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Katie’s Musings: To Be Better

Cassie Williams
November 10 2016

I believe in the power of stories.  So here’s one.

Tuesday night, as I watched the election returns come in, descending deeper and deeper into a spiral of honest despair for our country and our planet and people of color and Muslims and immigrants, and what this all would mean for the future and for our children… I got a message from one of them.  One of mine, anyway.

I spent 7 years as a nanny, which essentially meant that i got to hang out with really awesome and really privileged kids.  I’m a poor farm kid from Nebraska, so navigating a place of immense wealth and privilege like Scarsdale, NY, and standing in the school pick-up line with this weird combination of wealthy women in tennis outfits and the women, usually of color, they had hired to look after their kids while did whatever wealthy white ladies do in affluent New York suburbs… that was a weird world for me to walk around in.  No one quite knew where to place me… was I one of the mothers or one of the help?

Every day, standing in that line and feeling generally awkward for being there, my day would be brightened when a red-headed bundle of sunshine named Ben came bounding down the hallways of Scarsdale Elementary.  When I started working for them, he was 8 and basically Calvin from the Calvin and Hobbes comics.  Equally mischievous and imaginative and terrifyingly brilliant.  And like most brilliant kids, Ben never totally felt like he fit in.  In retrospect, I think perhaps it was his capacity for compassion and understanding that set him apart.  He had been raised by a Congregationalist mother and a Jewish father, and among his three best friends he counted a Jewish boy, a Muslim boy, and a Hindu boy. They would walk around looking like a mini-United Nations. I remember one day, he found out how much I made and was horrified, worried about me and how I could possible survive on what to him seemed so little, but to me seemed more than ample.  Which is funny and privilege-y but also oddly sweet.  I would drive him and his older brother Sam to violin lessons after school, and overhear conversations quarks, binary code, the wage gap between men and women, and one particularly intriguing conversation about how science and God could work together.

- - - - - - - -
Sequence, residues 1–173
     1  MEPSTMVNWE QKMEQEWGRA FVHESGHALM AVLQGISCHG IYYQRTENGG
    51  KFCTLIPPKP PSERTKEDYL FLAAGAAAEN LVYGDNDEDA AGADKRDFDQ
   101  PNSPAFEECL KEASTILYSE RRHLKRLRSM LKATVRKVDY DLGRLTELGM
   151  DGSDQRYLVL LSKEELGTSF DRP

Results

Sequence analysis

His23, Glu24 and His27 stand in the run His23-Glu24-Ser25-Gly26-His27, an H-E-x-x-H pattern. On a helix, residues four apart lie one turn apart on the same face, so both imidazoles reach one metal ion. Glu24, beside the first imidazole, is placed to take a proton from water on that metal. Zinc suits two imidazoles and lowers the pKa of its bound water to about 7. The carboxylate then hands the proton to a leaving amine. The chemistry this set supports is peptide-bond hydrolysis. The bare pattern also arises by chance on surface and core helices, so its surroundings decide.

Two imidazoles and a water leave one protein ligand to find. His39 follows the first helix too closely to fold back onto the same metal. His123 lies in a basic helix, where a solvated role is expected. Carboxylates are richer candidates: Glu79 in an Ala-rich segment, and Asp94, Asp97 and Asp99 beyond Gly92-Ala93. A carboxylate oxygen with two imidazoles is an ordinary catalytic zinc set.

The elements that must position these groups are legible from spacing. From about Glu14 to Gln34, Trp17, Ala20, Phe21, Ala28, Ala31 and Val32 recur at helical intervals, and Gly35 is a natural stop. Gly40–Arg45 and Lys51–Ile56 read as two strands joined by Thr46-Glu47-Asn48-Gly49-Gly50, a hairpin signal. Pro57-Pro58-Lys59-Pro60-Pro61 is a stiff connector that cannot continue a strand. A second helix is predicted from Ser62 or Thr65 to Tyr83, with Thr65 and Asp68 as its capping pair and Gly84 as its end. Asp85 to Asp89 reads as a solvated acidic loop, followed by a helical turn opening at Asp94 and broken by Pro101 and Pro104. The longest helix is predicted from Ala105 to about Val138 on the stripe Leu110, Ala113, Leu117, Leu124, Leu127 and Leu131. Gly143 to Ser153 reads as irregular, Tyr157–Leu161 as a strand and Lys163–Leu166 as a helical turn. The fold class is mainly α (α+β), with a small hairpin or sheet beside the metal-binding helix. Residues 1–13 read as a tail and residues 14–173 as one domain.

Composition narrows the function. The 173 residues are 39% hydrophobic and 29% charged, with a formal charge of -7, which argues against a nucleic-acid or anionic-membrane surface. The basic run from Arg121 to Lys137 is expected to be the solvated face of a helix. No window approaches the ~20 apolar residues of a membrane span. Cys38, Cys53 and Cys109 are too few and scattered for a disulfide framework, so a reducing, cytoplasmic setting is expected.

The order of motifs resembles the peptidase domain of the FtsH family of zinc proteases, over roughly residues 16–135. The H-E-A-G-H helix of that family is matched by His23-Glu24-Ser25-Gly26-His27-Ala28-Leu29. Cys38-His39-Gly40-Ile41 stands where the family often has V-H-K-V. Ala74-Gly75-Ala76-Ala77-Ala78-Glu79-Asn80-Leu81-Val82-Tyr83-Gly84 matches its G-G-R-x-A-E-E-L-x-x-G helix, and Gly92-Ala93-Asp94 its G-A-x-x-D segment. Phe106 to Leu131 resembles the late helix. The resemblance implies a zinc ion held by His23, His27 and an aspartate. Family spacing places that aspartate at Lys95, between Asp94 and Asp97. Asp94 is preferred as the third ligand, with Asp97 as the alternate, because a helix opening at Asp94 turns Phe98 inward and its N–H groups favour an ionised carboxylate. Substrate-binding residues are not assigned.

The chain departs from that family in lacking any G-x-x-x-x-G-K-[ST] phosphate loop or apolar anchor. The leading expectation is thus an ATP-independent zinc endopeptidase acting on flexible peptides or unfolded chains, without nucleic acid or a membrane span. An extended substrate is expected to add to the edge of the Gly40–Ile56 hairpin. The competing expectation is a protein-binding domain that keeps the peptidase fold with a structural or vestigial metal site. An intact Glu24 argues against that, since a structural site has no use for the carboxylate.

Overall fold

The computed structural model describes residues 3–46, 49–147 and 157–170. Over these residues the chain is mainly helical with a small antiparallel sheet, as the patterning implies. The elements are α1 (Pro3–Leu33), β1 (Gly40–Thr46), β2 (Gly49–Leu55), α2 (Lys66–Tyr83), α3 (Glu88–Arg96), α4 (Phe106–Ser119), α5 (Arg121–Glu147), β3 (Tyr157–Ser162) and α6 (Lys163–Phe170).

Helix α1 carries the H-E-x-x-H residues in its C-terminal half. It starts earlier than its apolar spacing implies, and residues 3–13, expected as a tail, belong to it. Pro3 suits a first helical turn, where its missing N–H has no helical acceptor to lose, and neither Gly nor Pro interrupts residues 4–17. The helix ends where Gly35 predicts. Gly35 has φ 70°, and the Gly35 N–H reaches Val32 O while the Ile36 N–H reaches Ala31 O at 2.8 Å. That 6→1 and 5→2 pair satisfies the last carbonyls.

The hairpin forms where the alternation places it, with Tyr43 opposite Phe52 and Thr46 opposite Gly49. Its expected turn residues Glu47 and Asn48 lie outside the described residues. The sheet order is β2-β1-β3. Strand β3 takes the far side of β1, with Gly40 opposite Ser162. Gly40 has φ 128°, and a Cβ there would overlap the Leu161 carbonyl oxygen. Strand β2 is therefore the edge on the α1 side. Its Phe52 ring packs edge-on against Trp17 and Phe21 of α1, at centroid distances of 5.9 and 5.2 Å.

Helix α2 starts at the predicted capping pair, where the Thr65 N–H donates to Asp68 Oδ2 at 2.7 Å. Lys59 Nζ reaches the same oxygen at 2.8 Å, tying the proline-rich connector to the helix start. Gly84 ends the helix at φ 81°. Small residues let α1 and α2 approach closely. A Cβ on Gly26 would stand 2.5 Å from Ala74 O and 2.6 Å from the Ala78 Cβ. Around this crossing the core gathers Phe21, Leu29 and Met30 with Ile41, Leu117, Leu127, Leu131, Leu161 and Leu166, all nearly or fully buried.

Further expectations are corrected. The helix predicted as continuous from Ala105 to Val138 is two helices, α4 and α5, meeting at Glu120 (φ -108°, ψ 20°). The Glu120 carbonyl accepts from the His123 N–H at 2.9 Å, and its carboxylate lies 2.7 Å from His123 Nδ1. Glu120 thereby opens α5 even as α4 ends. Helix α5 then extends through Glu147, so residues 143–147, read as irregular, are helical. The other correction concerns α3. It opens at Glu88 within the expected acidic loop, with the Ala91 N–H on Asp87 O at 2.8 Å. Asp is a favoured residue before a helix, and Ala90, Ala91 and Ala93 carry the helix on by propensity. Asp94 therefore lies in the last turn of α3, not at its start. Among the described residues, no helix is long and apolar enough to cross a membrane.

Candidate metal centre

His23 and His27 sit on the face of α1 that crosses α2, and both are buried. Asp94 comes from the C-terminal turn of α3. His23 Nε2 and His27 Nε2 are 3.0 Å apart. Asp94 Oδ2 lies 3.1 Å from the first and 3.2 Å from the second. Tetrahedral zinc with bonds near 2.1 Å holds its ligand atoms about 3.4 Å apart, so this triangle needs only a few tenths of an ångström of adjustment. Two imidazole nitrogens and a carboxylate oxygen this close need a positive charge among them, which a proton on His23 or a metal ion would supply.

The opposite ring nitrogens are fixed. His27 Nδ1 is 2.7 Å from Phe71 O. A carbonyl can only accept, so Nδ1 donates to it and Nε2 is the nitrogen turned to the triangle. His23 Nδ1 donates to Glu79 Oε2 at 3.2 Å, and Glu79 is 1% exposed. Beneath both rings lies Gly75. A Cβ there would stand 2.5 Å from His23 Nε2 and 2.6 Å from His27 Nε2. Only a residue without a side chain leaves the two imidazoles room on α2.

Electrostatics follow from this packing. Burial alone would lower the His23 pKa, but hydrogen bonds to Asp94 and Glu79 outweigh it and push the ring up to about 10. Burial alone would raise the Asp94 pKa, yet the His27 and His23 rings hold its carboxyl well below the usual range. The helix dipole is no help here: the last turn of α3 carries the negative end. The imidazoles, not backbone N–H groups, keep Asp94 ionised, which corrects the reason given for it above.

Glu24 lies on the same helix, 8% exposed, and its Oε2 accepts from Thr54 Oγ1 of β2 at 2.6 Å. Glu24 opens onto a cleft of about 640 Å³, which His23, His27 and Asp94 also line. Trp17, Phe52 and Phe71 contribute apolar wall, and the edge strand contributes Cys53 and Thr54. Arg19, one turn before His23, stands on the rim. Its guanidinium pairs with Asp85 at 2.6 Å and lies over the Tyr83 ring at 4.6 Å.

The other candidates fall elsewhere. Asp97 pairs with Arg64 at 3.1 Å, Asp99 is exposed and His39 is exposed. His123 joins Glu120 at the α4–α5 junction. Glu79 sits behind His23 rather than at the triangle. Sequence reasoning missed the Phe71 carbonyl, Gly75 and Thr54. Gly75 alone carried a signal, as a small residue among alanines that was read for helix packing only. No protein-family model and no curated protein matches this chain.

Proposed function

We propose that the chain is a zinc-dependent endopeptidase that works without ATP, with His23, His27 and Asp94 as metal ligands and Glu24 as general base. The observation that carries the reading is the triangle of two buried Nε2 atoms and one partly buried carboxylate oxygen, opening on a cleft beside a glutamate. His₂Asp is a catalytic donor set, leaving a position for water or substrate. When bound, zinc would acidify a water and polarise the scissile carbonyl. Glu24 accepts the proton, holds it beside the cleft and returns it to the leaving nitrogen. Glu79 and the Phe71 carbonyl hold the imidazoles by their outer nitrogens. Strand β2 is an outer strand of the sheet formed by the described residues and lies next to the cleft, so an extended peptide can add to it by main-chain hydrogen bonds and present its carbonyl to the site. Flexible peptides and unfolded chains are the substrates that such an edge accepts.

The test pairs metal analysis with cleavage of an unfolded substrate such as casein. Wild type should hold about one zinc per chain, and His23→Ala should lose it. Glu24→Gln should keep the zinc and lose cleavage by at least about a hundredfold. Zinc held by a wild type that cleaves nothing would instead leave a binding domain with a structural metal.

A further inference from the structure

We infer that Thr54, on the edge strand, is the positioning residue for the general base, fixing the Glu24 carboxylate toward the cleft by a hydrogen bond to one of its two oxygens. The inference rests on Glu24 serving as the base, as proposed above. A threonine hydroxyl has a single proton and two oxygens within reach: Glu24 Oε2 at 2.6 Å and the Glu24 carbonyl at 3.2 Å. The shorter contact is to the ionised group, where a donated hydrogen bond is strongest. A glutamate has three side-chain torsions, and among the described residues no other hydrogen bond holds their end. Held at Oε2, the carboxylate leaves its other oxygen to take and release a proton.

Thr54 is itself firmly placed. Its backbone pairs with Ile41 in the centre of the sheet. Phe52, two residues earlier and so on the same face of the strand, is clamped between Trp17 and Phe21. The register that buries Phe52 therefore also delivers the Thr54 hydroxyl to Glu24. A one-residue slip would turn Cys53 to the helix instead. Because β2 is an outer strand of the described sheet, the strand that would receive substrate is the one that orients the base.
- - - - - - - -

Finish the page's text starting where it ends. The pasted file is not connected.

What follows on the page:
Last night, while stewing over what I could do or say when this was all over, wondering what the heck I was doing back in a red state after so many years in places like New York and Chicago, where I could be surrounded by people who thought like me and saw the world the beautiful way that I did… a world of hope that felt utterly shattered last night…. I got a message from Ben.  He’s 15 now, a sophomore in high school, and he simply messaged me two words.  “I’m Scared.”

“Me too, young man, me too,” i said.

“The numbers look bad, and I’m just scared,” he said.

“Yup,”  I said, “and on behalf of an older generation, let me offer you, the younger generation, my apologies.  I tried.  But this state was going red no matter what I did.”

He sent me a heart emoji.

And he said, “It’s not your fault.  That’s why it’s important that you stick around in that state.”

…So now, no matter what, I’m stuck.  Because this kid… this ridiculously privileged, kind, brilliant embodiment of sheer possibility is counting on me to figure out how to make a difference here, right where I’m at.  And it’s personal now.  Making a difference for young people like him.  But more importantly, for young people who have a whole lot less than him.  He’s my why.   So for Ben, and for all the kids who watching and learning and living and growing, I have to try to make it better.  To be better.